Bottle-fed babies may ingest more than a million microplastic pieces each day, a new research said Monday, highlighting the abundance of plastics in our food products.
There is growing evidence that humans consume a large number of the tiny particles formed when larger pieces of plastic break down, but very little is known about their knock-on health consequences.
Microplastics are very small pieces of plastic that pollute the environment. They are not a specific kind of plastic, rather any type of plastic fragment that is less than 5 millimetres in length, according to the US National Oceanic and Atmospheric Administration (NOAA) and the European Chemicals Agency.
Researchers in Ireland looked at the rate of microplastic release in 10 types of baby bottles or accessories made from polypropylene, the most commonly used plastic for food containers.
They followed official guidelines from the World Health Organization on sterilisation and formula preparation conditions.
Over a 21-day test period, the team found that the bottles released between 1.3 million and 16.2 million plastic microparticles per litre.
They then used this data to model the potential global infant exposure to microplastics from bottle-feeding, based on national average rates of breast-feeding.
They estimated that an average bottle-fed baby could be ingesting 1.6 million plastic particles every day during the first 12 months of their lives.
Many Bangladeshi children are also fed in plastic bottles. Therefore, experts say, microplastics may affect our children, too.
Dr Lelin Chowdhury, an expert on preventive medicine, told The Business Standard that plastic has immediate and long-term effects on the human body as it is not ready for the digestive system.
When microplastics enter the body, it slowly damages its digestive system and metabolic processes. Kidney and liver failures occur gradually. Microplastic can cause cancer too, Lelin said.
All in all, plastics do as much damage in the macro form as they do in the micro form. Since children are sensitive, more damage will be done if microplastics enter their bodies, the expert explained.
According to a report published by The Guardian – a British daily, the polypropylene bottles tested make up 82% of the world market, with glass bottles being the main alternative.
Polypropylene is one of the most commonly used plastics, and preliminary tests by the scientists found kettles and food containers also produce millions of microplastics per litre of liquid.
Dr Lelin Chowdhury said, "We always say it is safe to keep water or milk in glass bottles. Because glass does not react with what is kept in a glass container."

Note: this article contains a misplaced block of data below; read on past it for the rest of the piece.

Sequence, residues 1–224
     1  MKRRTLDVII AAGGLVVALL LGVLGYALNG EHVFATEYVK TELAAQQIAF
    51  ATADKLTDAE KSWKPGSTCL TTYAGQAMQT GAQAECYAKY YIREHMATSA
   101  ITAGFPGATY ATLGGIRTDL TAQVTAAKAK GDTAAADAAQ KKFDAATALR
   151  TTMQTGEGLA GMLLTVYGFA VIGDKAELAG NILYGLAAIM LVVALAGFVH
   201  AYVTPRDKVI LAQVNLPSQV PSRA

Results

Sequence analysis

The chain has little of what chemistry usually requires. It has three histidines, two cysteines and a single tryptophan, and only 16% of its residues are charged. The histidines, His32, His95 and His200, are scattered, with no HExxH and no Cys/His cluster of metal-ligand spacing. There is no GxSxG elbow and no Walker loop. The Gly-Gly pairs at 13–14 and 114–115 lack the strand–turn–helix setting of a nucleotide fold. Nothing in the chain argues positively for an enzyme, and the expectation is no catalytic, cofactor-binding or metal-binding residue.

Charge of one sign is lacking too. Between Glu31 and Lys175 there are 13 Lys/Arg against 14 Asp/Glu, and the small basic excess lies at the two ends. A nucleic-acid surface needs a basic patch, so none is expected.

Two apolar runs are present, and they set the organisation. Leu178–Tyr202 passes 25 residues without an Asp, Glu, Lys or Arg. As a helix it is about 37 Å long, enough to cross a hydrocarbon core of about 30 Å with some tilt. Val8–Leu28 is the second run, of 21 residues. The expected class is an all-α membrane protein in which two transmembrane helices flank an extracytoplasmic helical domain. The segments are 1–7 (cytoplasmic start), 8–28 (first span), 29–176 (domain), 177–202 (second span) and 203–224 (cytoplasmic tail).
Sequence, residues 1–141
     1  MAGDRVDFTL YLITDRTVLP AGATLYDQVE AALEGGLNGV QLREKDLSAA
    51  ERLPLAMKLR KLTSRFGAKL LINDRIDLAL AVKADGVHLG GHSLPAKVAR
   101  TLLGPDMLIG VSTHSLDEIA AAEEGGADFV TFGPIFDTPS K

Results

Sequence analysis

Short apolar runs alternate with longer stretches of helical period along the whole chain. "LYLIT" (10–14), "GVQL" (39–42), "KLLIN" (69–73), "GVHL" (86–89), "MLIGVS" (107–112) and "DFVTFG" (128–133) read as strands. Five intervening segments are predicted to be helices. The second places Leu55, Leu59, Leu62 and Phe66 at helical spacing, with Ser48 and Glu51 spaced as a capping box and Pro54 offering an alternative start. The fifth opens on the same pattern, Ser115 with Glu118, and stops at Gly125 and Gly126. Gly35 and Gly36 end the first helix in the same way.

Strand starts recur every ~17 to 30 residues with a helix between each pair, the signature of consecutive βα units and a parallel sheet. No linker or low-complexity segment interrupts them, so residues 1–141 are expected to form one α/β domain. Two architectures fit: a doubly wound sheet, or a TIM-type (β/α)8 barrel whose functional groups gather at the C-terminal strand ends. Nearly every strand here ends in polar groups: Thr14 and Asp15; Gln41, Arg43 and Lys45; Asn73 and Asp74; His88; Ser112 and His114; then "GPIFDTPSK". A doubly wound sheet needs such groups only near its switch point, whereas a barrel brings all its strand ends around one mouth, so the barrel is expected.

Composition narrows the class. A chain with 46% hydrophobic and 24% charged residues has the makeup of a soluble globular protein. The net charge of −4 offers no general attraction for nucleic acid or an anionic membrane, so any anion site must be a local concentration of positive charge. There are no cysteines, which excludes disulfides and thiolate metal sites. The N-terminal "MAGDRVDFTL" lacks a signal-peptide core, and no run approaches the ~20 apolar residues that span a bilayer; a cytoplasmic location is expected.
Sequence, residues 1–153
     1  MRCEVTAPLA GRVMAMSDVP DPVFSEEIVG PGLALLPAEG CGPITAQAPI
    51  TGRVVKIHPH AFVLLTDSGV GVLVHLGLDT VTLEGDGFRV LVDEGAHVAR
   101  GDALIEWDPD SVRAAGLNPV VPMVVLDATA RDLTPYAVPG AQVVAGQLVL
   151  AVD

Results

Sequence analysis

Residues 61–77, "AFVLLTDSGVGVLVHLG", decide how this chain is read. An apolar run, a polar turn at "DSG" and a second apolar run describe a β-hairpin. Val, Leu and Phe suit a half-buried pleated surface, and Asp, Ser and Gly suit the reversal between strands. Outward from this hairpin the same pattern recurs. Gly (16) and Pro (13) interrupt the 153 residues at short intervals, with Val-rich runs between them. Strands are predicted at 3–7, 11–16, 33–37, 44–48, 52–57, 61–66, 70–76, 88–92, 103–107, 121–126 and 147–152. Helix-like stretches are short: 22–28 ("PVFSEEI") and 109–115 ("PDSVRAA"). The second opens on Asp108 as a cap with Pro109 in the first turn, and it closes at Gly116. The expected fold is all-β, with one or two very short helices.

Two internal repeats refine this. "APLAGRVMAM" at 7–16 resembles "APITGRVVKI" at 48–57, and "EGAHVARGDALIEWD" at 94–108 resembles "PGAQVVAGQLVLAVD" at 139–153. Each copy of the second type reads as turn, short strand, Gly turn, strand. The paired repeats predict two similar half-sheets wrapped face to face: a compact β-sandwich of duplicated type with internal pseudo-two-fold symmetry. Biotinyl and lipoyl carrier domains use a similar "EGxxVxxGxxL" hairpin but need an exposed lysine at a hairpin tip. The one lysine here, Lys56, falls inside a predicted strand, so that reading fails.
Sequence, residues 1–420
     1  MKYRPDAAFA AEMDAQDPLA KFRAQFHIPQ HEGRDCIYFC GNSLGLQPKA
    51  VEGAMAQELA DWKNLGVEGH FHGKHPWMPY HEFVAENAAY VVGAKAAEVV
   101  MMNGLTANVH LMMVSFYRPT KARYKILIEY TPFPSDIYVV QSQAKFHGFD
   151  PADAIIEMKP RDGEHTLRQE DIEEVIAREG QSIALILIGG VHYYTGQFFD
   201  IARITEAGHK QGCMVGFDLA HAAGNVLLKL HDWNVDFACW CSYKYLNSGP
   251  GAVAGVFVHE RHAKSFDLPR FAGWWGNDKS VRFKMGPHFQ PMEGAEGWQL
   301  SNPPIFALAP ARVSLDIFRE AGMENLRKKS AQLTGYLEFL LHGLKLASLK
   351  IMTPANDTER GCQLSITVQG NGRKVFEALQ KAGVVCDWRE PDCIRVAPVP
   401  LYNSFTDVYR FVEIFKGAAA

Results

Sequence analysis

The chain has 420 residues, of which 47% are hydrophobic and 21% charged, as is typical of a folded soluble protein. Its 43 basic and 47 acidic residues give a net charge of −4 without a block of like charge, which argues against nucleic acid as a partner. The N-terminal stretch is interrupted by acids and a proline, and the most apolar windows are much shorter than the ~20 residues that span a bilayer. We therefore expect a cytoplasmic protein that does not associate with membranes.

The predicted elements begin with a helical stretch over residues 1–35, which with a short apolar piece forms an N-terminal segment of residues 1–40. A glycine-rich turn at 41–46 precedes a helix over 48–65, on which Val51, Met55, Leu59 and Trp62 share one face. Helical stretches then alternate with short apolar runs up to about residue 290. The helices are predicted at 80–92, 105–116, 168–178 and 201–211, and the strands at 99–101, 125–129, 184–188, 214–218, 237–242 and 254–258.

The authors of the research, published in the Nature Food journal, said sterilisation and exposure to high water temperatures had the biggest effect on microplastic release, going from 0.6 million particles per litre on average at 25 degrees Celsius to 55 million per litre at 95 degrees Celsius.
The authors told France-based news agency AFP that the aim of the research was "not to worry parents" about the potential health risks of bottle microplastics.
"We have communicated, as strongly as we can, that we do not know the potential health risks of infant ingestions of microplastics," said the team, from Trinity College in Dublin.
"This is an area of research we are now actively pursuing," they also said.
Fay Couceiro, senior research fellow in Biogeochemistry, University of Portsmouth, said Monday's research highlighted the "urgency for studies on microplastic impacts on human health".
She said it was important not to be "alarmist" when it came to bottle feeding, which many parents prefer for a variety of reasons.
"The risks from not sterilising bottles or using hot water are well understood and very real, and these known risks of disease must outweigh that of microplastic production until their health risks are understood," said Couceiro, who was not involved in the study.
Professor Ijaz Hossain, environment expert and dean of engineering at the Bangladesh University of Engineering and Technology, said the direct impacts of microplastics are unknown.
The problem with microplastics is that it can be absorbed into the body. Microplastics can accumulate in the lungs. In many places the foreign body, anything unnecessary in the blood, can damage the cells if it moves. The cells can cause cancer and, if it goes to the brain, it can do damage, he also said.
"We should always try to prevent this kind of foreign body from entering the human body. Children's bodies are forming; and their formative age needs to protect them from such things as much as possible."
Do food containers in Bangladesh have food grade?
It is still unknown whether food containers in Bangladesh maintain the food grade.
"It has recently come to my notice that the plastic grading is not accepted in Bangladesh at all," said Dr Lelin.
Nilufa Haque, director (standards) of Bangladesh Standards Testing and Institution (BSTI), said the institute actually controls the quality of imported and locally-made baby food.
"We also control the quality of the products inside the containers. However, I do not know whether the containers' quality is controlled," she said.